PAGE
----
An ongoing drought impacting the East End may have a ripple effect on locally grown produce as peak autumn harvest season approaches at farms in the Hamptons and on the North Fork.
The impact could be felt across the spectrum of crops grown on the Twin Forks, like vegetables such as Long Island’s ever-popular sweet corn producing smaller-than-usual ears. But fruits such as the grapes that fuel the region’s dozens of wineries, and herbs like recreational cannabis — the newest addition to the New York State agricultural industry — are faring well amid the dry spell.
“The dry weather remains a concern for farmers on Long Island and across the state,” said Steve Ammerman, the spokesman for the New York Farm Bureau, an Albany-based trade group. “The dry weather can affect the overall size of fruits and vegetables, but it can still mean high-quality products in terms of taste and look. Farms are also needing to turn more to irrigation if they have the ability, though that comes with increased production costs to run the irrigation pumps.”
Suffolk County typically receives 11.28 inches of precipitation for meteorological summer — the months of June, July and August — but has only had 4.75 inches as of August 30, according to the National Weather Service (NWS). That makes this summer the fourth driest since local weather record keeping began in 1964. The U.S. Drought Monitor has placed the South Shore of Long Island under severe drought conditions while the North Shore is considered a moderate drought.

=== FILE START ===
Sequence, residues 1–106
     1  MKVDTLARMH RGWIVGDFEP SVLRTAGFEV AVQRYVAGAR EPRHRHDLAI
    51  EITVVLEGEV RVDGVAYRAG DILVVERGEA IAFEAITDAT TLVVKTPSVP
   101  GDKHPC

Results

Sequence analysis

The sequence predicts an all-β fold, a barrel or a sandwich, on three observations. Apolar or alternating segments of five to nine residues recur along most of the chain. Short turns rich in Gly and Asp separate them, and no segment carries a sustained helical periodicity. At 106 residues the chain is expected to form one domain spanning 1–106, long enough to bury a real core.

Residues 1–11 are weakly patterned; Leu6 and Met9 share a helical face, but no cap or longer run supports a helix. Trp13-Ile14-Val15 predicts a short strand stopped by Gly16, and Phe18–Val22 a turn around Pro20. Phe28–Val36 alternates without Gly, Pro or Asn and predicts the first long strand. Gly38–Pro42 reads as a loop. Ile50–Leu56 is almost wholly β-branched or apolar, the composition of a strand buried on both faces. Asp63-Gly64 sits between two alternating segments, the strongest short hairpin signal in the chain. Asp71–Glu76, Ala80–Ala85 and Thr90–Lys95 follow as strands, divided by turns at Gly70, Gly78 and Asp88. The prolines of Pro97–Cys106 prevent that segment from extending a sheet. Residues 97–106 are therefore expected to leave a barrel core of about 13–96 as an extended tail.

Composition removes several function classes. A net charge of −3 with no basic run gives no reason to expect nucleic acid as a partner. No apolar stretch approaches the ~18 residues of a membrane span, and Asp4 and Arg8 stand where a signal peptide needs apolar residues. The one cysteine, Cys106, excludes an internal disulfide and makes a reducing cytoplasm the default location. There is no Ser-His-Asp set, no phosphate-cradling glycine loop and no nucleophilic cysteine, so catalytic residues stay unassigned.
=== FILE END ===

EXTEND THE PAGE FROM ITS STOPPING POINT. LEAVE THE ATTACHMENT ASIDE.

“We’re in a 6-inch deficit,” said Upton-based NWS meteorologist Matthew Wunsch, who noted that the forecast didn’t suggest the drought would end anytime soon. “If you get 6 inches of rain in a day, it isn’t necessarily going to get rid of your drought conditions because most of that water is going to run off and not be soaked into the soil … What you need for drought relief is more of a prolonged light to moderate rain over a couple of day period. It can’t all come at once.”
Irrigation and the Drought
While farmers have been strategically deploying irrigation systems to mitigate the effects of the drought, the Suffolk County Water Authority (SCWA) — which issued a Stage 1 Water Emergency Alert in the towns of Southampton, Southold, East Hampton and Shelter Island — says the conditions nonetheless put crops at risk.
“We don’t have advisories directly to the farmers, but I would encourage them to work closer with us and regularly test and monitor the chloride (salinity) levels of their wells,” said SCWA Director of Strategic Initiatives/Lead Hydrogeologist Ty Fuller. “Over pumping can increase chlorides, and at a high enough level, it could kill crops.”
The season has so far produced mixed results for Marcos Ribeiro of East End Flower Farm, who grows everything from vegetables such as cucumbers, peas and lettuce to — as the name suggests — flowers. He is among the dozen local farmers to be awarded a conditional cannabis cultivation license.
“It is having an impact on our sunflowers,” one of his farm’s mainstays, said Ribeiro, noting that the typically huge flowers were smaller this season due to the drought. “For my sunflowers, I irrigate, but I wish it’d rained more because when it doesn’t rain, it’s just much more work for me.”
Talking from his maintenance barn in Mattituck, he noted that he gave his first try this year at growing corn on dry land, meaning without irrigation, but the crop did “terrible.” Growing vegetables without irrigation is nearly impossible in a normal year, let alone in a drought, he said.